CONFERENCE ON THE ISLE OF SKYE DISCUSSES INTEGRATION OF INTERNATIONAL MIGRANTS IN SCOTLAND
Service providers, policy makers and academics will gather at the Sabhal Mòr Ostaig on 1 and 2 September 2005 to consider social and public policy issues relating to migrants in urban and rural Scotland. As the Scottish government has committed itself to attracting more migrants, partly to address a projected population decline, the conference with the theme 'International migration and Scotland: the social and public policy agendas' is timely. Speakers include leading figures from national organisations, such as the Scottish Refugee Council and the National Resource Centre for Ethnic Minority Health, as well as senior academics from Universities across Scotland, and even from Ireland.
EU enlargement has already had a significant impact on the numbers of migrants coming to Scotland in general, and to the Highlands and Islands in particular. Over the past four to five years, national insurance number registrations by overseas nationals residing in Scotland have gone up by about 3.5 times (and by over 2.5 times for those residing in the Highlands and Islands). Most of those migrants have come from the EU Accession States, in particular Poland. While these new arrivals offer clear economic, social and cultural benefits to Scotland, they also pose challenges.
Dr Birgit Jentsch, Senior Researcher at Ionad Nàiseanta na h-Imrich (National Centre for Migration Studies) (INI) comments:
"Some of the issues which minority ethnic groups face who have been in Scotland for many years - discrimination and less than ideal services and provisions- will in numerous cases also be encountered by the new arrivals. A range of activities and initiatives have now been set up by committed individuals in the public services, the private and non-governmental sectors to make migrants feel welcome. However, these individuals themselves often feel that their endeavours could benefit from more co-ordination and support. We hope that the conference can contribute to shaping the way forward, as well as clarifying corresponding responsibilities."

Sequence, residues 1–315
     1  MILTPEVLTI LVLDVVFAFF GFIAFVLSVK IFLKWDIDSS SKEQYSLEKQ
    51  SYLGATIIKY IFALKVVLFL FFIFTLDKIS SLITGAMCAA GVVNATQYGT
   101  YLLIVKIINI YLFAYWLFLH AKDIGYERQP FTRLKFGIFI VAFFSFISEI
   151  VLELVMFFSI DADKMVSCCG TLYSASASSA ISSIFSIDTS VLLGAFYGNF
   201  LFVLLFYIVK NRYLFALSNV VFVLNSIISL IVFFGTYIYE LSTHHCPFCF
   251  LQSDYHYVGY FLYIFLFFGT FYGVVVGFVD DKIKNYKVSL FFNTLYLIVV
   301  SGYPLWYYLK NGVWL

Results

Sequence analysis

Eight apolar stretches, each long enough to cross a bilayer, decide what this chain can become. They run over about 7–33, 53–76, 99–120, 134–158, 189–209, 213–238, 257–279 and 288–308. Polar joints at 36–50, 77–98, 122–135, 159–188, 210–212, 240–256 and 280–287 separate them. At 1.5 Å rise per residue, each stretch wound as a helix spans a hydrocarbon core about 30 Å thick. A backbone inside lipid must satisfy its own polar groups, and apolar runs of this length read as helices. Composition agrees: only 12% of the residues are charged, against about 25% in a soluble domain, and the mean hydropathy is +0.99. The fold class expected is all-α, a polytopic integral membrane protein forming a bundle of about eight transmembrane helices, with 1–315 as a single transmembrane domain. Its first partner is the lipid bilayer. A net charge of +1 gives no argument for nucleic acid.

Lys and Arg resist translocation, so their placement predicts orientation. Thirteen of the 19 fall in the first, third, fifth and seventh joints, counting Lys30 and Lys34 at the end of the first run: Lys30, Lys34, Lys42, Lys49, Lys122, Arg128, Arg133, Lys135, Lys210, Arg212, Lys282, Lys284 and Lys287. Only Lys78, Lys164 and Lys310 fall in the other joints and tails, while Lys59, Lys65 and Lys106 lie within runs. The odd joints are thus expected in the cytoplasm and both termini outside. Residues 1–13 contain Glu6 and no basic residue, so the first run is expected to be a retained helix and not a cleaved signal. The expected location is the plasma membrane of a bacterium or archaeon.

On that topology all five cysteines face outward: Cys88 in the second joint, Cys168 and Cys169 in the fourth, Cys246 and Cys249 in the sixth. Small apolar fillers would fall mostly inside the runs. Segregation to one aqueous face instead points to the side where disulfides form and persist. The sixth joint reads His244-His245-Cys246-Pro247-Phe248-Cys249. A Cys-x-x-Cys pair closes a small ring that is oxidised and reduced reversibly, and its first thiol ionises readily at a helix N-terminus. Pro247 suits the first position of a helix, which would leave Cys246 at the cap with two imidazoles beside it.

The conference is hosted by Ionad Nàiseanta na h-Imrich, a research centre which was established in 2002, and which is supported by Sabhal Mòr Ostaig as well as the University of Aberdeen. There could hardly be any more appropriate location for the centre than Skye, an island whose history in the past was characterised by emigration, but which has received large numbers of internal and international migrants in recent years.
For more information
and to see presentations from the conference, go to the International
Migration and Scotland Conference website.